In April, we asked a similar question relative to interest rates – have they peaked? Our conclusion was the following:
“We believe that very lopsided sentiment (everyone thinks rates will continue higher) and the unusual performance pattern between interest rates and bank stocks (rates way up and bank stocks way down relative to the market) is reason enough to entertain the idea that interest rates may soon peak.”
For a few months, we seemed to be wrong. Now, our conclusion appears to have been more reasonable. Long-term interest rates are approaching mid-April levels. The Federal Reserve continues to increase short-term interest rates, but inflation expectations are coming down, and the market is anticipating slower economic growth. This combination is putting pressure on longer-term interest rates like the 10-year Treasury yield.
A key conclusion of our mid-April Two the Point was, “a cyclical peak in interest rates would include…better performance from Growth stocks.” While Value stocks have significantly outperformed Growth stocks in 2022, we think a leadership change is unfolding. We are seeing investors shift their focus from higher rates and rising inflation to slower economic growth. As a result, more cyclically oriented Value stocks appear to be losing momentum.
As the economy slows, investors will likely gravitate toward companies that can exhibit consistently strong earnings growth – investors pay for growth when it becomes harder to find. We have shifted our recommended asset allocation accordingly.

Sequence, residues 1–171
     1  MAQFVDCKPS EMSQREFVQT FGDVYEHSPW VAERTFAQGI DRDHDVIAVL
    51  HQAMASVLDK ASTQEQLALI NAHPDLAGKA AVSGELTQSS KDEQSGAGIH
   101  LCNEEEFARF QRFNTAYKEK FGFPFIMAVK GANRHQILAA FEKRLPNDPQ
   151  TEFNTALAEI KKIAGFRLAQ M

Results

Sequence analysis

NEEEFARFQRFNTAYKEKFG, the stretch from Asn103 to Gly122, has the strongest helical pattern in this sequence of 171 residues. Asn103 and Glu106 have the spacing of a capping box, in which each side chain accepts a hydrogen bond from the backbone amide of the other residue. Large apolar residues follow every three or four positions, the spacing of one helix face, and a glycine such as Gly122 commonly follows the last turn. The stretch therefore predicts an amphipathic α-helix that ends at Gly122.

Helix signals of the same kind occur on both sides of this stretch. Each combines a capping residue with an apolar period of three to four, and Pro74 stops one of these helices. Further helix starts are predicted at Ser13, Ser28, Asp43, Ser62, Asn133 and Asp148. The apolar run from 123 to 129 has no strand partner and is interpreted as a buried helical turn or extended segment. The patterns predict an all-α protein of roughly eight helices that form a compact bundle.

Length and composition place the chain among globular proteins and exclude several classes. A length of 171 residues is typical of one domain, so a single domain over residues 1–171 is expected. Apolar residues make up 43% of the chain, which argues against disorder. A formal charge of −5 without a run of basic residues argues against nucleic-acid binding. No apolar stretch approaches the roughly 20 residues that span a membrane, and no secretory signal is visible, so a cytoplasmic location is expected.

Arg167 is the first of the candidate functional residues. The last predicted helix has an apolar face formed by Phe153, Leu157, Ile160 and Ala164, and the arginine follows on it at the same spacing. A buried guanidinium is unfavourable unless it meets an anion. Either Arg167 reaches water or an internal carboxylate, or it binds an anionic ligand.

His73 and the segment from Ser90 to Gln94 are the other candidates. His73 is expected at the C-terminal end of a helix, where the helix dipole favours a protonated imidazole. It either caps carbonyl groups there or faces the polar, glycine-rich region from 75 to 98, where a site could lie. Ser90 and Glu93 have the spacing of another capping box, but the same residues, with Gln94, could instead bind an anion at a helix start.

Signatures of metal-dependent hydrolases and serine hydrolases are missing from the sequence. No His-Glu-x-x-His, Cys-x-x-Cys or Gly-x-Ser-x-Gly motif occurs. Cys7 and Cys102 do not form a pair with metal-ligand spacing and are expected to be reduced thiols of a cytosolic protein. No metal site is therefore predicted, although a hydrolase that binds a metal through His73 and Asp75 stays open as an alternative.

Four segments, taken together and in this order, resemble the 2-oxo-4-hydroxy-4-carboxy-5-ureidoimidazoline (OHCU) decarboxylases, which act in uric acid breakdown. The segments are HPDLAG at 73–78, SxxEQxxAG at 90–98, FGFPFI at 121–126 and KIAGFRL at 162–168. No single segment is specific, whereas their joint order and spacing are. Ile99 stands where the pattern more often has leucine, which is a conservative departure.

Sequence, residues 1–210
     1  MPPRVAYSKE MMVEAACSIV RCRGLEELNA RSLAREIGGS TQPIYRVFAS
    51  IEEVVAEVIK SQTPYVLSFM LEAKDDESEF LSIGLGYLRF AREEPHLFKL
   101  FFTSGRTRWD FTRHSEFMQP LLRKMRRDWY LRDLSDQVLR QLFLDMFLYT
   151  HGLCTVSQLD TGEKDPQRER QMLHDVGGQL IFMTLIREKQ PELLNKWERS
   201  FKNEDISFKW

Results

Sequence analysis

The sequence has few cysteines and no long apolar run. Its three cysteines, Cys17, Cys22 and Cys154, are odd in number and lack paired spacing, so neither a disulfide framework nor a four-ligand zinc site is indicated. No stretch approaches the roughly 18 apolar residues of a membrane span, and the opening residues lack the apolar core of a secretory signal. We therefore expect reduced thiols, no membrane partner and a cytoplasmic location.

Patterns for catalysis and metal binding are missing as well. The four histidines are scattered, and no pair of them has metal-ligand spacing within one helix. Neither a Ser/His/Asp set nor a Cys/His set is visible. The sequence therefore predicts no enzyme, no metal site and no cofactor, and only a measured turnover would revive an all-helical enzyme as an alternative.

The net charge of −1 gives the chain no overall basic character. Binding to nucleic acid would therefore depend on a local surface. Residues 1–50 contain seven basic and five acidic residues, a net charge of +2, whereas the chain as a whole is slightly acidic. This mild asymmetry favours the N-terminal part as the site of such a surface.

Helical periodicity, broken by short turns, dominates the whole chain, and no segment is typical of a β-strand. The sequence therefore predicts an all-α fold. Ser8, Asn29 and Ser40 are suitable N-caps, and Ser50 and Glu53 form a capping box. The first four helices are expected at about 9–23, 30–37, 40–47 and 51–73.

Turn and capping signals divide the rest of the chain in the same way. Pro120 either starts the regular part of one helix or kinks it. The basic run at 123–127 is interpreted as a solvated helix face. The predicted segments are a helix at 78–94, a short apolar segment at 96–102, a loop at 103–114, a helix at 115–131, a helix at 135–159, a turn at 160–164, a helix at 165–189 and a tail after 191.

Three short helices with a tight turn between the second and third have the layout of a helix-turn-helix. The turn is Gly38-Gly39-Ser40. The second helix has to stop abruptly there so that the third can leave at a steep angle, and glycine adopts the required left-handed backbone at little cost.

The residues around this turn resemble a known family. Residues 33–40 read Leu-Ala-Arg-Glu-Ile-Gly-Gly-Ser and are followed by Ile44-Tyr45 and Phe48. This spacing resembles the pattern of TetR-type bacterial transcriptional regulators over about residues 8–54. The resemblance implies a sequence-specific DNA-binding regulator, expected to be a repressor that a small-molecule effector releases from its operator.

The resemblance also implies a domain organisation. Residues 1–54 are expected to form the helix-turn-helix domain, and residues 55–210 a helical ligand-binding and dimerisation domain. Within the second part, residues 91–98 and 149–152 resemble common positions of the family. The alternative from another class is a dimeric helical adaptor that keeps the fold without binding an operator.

More from TWO THE POINT
- Two the Point — Worst to First – A Mean Reversion Rally in StocksIn our weekly video series, we highlight one observation we think is most important regarding the economy and the financial markets. This week we talk about a mean reversion rally in stocks.
- Two the Point — Corporate Revenue & Profit – Less than Meets the EyeIn our weekly video series, we highlight one observation we think is most important regarding the economy and the financial markets. This week we talk about corporate revenue and profit.
- Two the Point — Bonds 101: Why Do Bond Prices Fall When Interest Rates Rise?In our weekly video series, we highlight one observation we think is most important regarding the economy and the financial markets. This week we talk about why bond prices fall when interest rates rise.